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Sunday, March 28, 2004



Army museum
honors Shinseki

An exhibit charts the Kauai
native's life from childhood
to his service as Army chief


Nearly four decades ago, the gold buttons on the gray tunic of cadet Eric Shinseki shone brightly as he stood at attention on the plains of West Point.

Today, they shine even more brightly among the memorabilia and photographs honoring the country's highest-ranking Japanese American in the Shinseki Gallery, the newest addition to the U.S. Army Museum of Hawaii at Fort DeRussy. The museum, located on the outskirts of Waikiki in what was once a coast artillery fort, chronicles the military history of Hawaii from King Kamehameha through World War II, Korea, and Vietnam.

Included in the Shinseki Gallery is a well-worn cowboy glove of a 7-year-old child who grew up on Kauai loving horses.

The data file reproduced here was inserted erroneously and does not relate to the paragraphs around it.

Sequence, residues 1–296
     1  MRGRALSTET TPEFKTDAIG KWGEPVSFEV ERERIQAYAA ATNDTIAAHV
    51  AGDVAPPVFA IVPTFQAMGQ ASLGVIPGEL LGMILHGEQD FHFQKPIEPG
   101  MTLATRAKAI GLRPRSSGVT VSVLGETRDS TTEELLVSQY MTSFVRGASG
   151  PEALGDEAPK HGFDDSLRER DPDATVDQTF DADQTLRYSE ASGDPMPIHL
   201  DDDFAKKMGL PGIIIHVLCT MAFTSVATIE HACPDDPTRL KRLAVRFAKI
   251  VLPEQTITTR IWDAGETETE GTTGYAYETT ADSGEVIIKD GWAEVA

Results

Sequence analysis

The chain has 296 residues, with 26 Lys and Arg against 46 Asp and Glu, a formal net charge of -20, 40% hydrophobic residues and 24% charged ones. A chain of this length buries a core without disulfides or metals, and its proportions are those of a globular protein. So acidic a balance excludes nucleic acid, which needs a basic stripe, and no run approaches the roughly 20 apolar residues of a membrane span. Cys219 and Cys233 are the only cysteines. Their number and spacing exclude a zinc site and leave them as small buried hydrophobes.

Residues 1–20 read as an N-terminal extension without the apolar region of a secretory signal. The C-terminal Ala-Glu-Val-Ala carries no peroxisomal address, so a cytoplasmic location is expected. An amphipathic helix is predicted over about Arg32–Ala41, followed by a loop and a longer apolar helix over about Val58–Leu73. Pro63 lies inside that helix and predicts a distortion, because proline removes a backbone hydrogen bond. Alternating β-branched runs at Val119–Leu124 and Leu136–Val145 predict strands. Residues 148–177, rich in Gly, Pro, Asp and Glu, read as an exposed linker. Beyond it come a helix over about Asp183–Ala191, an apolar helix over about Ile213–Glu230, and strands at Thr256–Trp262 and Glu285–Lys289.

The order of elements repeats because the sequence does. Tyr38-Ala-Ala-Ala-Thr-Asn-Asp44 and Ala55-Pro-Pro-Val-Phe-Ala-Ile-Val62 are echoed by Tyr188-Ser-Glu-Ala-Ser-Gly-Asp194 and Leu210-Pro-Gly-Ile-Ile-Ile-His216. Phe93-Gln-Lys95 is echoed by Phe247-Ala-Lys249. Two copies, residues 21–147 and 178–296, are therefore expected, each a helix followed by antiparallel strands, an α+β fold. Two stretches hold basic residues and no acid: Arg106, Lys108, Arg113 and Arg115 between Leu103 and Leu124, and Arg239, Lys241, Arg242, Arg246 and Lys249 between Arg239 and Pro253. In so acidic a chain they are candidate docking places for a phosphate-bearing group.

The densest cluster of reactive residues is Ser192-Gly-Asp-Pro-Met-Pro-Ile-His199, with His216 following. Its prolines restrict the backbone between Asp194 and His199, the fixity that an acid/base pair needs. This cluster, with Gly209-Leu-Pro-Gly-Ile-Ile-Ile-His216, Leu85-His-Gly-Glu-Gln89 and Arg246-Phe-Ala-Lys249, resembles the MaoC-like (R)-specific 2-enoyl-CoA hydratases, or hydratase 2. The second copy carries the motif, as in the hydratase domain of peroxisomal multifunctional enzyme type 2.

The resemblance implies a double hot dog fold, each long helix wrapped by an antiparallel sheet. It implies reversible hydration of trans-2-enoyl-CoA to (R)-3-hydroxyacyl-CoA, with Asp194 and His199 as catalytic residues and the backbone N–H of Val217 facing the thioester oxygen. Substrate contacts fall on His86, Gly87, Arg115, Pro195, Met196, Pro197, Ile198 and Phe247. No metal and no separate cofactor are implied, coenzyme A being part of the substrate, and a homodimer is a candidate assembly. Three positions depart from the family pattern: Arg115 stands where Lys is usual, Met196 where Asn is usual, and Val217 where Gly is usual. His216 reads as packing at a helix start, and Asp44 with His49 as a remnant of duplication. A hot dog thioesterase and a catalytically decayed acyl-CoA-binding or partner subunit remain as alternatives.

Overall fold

Forty-five years later, "Ric" Shinseki would sit tall in the saddle as he took command of the 1st Cavalry Division at Fort Hood in Texas.

On Tuesday, the Army will unveil an exhibit honoring Shinseki, who was born on the Garden Isle and rose to become the first Japanese American to wear four stars and serve as the uniformed leader of the U.S. Army as its chief of staff.

Retired Army Chief of Staff Gen. Fred Weyan, who served in the same position as Shinseki from 1974-76, said Shinseki personifies "the best in the American people and their Army. He is an all-American story."